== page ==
I’m always perplexed as to why the stars and bars should seemingly bear the entire stain of the institution of slavery and be irredeemably villified along with those soldiers who died gasping beneath it when the institution for which it flew lasted somewhat less than five years. Old Glory and our own illustrious and respected nation gladly profited and enacted laws protecting and perpetuating slavery with widespread support for over 80 years, in addition to carrying out the forced relocation of the cherokee, the indian wars, the mexican-american war, propping up a disgusting number of tin pot dictators under our monroe doctrine and yet, we wave the stars and stripes proudly. Oh, and in addition to the oft glossed over fact that the vast majority of pro-confederate southerners never owned a slave and in fact had no possible prospects of ever owning one is the fact that a great many southerners were Unionist and fought in blue. They are today all but forgotten, is it any wonder that some of their decendents find the very flag they fought against a symbol of cultural pride when they’ve been told to be ashamed of their southern heritage as ‘evil’ and inextricably associated with institutional racism?

I agree with the op, fuck the KKK and the subversion of a flag.

Even that is not necessarily true. The slaveowners were not generally the people who captured other people and sold them into slavery. Slaveowners had an economic incentive to not kill their slaves, and at least provide a minimal level of sustenance. Slaveowners are not without blame. Owning a human being is inherently wrong. Klansmen, on the other hand, had no incentive to do anything other than inspire terror in innocents via torture, rape, and murder. I have no cite, but I suspect that the Klan, in all it’s incarnations, commited more acts of murder than slaveowners did. The issue of relative morality between Klansmen and Slaveowners is entirely subjective. Both classes did horrible things. How do you quantify the harm done to a community by a single lynching when you consider all of the ripple effects of the terrorist act?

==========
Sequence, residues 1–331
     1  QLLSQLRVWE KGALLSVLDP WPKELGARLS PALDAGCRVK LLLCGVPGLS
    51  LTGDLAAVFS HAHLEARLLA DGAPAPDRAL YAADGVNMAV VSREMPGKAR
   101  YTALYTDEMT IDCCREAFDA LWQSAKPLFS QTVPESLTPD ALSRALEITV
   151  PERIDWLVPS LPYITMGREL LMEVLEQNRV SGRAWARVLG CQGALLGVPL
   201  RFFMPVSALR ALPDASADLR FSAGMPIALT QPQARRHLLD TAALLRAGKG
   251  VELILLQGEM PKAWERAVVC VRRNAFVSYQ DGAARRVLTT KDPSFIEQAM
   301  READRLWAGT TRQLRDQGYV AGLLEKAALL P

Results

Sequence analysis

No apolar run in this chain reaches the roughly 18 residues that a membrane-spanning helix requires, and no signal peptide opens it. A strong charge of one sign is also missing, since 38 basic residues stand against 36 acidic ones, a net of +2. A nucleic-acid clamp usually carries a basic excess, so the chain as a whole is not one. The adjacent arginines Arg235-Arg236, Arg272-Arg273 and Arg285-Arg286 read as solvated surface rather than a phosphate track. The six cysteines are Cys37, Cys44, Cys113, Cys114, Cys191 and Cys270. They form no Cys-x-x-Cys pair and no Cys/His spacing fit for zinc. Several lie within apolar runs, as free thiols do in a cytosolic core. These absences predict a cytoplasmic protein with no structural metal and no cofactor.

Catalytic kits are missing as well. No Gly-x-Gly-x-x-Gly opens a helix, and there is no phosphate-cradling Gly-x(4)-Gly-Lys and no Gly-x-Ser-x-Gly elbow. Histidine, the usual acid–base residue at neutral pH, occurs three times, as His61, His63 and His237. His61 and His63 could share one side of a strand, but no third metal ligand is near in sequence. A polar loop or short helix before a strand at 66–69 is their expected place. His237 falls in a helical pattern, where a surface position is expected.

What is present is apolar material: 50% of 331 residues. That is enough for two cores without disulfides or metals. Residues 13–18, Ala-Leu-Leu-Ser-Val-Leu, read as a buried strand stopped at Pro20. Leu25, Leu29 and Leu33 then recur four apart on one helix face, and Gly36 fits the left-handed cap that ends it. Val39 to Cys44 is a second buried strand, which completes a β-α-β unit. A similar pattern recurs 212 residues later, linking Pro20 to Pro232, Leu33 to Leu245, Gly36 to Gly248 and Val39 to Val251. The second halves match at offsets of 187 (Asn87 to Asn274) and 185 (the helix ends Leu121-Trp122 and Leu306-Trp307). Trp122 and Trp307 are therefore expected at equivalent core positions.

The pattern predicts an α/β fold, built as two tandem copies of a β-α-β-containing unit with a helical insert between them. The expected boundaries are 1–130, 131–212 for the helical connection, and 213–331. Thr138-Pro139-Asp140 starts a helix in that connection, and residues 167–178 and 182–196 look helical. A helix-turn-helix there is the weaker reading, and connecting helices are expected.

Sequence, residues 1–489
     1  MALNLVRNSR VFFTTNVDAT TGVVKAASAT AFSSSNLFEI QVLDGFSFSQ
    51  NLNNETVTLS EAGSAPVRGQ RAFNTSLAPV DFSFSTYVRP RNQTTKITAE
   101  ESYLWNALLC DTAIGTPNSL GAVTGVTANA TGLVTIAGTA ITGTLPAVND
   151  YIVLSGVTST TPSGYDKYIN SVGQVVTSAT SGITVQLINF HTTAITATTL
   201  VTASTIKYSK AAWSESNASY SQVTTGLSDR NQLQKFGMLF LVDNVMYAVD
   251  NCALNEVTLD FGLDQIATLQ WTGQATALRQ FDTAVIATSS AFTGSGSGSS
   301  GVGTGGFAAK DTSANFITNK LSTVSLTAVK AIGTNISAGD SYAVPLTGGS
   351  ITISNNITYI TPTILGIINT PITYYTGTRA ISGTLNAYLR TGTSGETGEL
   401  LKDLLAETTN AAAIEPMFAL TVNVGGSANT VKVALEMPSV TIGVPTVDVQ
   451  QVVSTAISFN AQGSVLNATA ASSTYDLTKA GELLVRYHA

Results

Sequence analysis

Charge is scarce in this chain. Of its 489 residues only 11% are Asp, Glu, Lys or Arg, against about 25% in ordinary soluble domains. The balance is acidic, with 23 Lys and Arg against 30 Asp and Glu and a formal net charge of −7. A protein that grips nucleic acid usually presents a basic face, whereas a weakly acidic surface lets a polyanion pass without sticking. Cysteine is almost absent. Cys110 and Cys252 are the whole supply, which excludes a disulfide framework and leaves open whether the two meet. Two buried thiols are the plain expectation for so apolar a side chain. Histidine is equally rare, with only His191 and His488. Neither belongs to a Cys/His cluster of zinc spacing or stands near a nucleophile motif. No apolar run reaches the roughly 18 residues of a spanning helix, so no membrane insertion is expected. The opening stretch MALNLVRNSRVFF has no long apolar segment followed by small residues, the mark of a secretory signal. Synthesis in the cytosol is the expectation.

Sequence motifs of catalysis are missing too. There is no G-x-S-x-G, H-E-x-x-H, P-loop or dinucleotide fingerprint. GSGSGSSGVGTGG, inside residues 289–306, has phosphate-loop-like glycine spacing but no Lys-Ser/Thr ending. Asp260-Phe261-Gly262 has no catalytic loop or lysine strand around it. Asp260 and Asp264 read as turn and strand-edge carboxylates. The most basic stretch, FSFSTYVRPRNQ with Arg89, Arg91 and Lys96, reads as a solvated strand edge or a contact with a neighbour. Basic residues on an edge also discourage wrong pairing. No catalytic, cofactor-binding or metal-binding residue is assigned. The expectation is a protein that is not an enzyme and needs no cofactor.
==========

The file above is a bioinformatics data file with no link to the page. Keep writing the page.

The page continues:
You mis-read my statement. Nearly half of the states that seceded mentioned slavery explicitly in their documents of secession. EVERY state that seceded was led to the convention by declarations that they needed to preserve slavery. No seceding state made a convention issue of tariffs or employment.

You are also engaged in a strawman: I did not claim that slavery was the sole reason. However, every other economic reason, including the tariffs, was directly tied to the issue of the Southern economy and its reliance upon slavery.

The proximate reason given for secession was that the North would attempt to close off new territories to slavery, making the slave states a substantial minority in Congress. However that very minority was defined by the establishment of slavery.

As to the rights of states to withdraw, the South had already settled that issue in the negative when, during Mr. Madisons’s War (1812 - 1815), Northern states grumbled about being dragged into a fight they did not choose at the Hartford Convention and other meetings, to which the Southern states responded with dire warnings that such treason would not be tolerated. They simply chose to turn their opinions around when the shoe was on the other foot. And there was no reason to discuss the right to withdraw except in the context of assuring the safety of slavery in the South.

Didn’t the Confederate president explicitly state that the war was about slavery?